Luckily for Anna, she has Android Karenina, her faithful Class III robot, who soothes her when she’s upset and bathes her in complementary lighting when they go out for social functions, like to floating balls. Like Anna, all upper-class citizens have these types of robots who are programmed to meet the needs of their master. Losing one’s Class III is like losing a loved one, or worst, like losing a part of one’s self.
These robots are highly advanced and can even feel pain, as evidenced when a party hostess decides to use a decommissioned robot (a robot that no longer has a master) for sport to see which of the Iron Laws it will obey when given conflicting commands. If you’re familiar with Isaac Asimov’s laws of robotics, you’ll know exactly what the Iron Laws are: Robots cannot harm humans; they must obey humans; and they must practice self-preservation. But what would a 500-plus-page story about badass robots be if the robots didn’t go a little crazy? As you’ll find out, there are some people who want the androids to be liberated and some of these robots, well, they’d like to take it a step further by assuming control.
Though the everyday lives of the people of this steampunk version of 19th century Russian are made easier by technological advances which are still out of reach for us in the 21st century — like interstellar space travel just for some rest and relaxation — living in the Age of Groznium comes with a steep price. Aside from frequent terrorist attacks, there’s the all-knowing watchful eye of the government. “The Tower, she keeps her loving eye upon us” is the motto of the massive eye atop the Moscow Tower (not unlike Sauron’s Eye in The Lord of the Rings), and it’s this all-seeing eye that helps decide whether a citizen is a patriot or a ‘Janus’ (a traitor). There is no trial, no judge or jury, just swift sentencing and execution on the spot. This also goes for the Class III robots, which are immediately destroyed if it’s believed they’ve been infected with an insurrectionary virus, even if there’s no sufficient evidence to prove it.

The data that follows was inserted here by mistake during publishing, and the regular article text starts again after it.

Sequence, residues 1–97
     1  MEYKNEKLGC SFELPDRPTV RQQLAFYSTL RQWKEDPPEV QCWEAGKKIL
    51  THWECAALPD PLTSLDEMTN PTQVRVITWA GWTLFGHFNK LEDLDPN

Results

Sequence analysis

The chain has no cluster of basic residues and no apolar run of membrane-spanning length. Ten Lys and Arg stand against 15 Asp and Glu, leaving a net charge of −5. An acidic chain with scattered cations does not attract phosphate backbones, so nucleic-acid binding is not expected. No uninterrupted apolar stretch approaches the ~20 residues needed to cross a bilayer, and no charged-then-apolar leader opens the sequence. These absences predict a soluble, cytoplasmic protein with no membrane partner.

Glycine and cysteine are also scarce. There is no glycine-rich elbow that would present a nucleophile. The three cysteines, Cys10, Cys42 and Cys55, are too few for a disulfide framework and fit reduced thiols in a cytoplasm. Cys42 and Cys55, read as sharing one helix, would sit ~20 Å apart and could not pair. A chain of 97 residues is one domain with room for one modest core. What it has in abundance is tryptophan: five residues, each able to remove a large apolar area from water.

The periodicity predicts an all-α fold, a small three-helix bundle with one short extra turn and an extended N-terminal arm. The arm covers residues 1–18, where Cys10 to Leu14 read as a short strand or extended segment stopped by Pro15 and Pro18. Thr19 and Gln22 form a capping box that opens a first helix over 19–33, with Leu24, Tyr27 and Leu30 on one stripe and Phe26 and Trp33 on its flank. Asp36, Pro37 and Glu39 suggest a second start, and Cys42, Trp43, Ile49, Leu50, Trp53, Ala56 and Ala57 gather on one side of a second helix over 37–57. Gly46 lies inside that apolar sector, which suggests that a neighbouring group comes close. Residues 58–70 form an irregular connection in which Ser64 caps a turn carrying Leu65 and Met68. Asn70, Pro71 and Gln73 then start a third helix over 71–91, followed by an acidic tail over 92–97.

Android Karenina is a bit slow going at first, as a lot of details about this alternate version of 19th century Russian society are presented at the beginning, so it might be overwhelming. As with the original novel, the characters have three and sometimes four names, which can be difficult to keep track of — a guide in the front of the book helps with this, but in Android Karenina, the robots all have multiple names as well. The book definitely gets better and more engrossing as it goes along, so stick with it. Though I enjoyed the original Anna Karenina and was interested in the personal lives of the characters, I found that in Android Karenina, I liked it better when Anna, Vronsky, Kitty, and Levin weren’t the main focus of a particular passage unless they were being attacked (though, I did find Levin much more tolerable here than the other main characters). I found myself much more interested in the UnConSciya, as well as the plight of the Class III robots than I was in the humans, but that was probably Winters’ intention.
While Android Karenina is at its heart a far-fetched take on a literary classic, it can definitely stand on its own as a great science fiction story.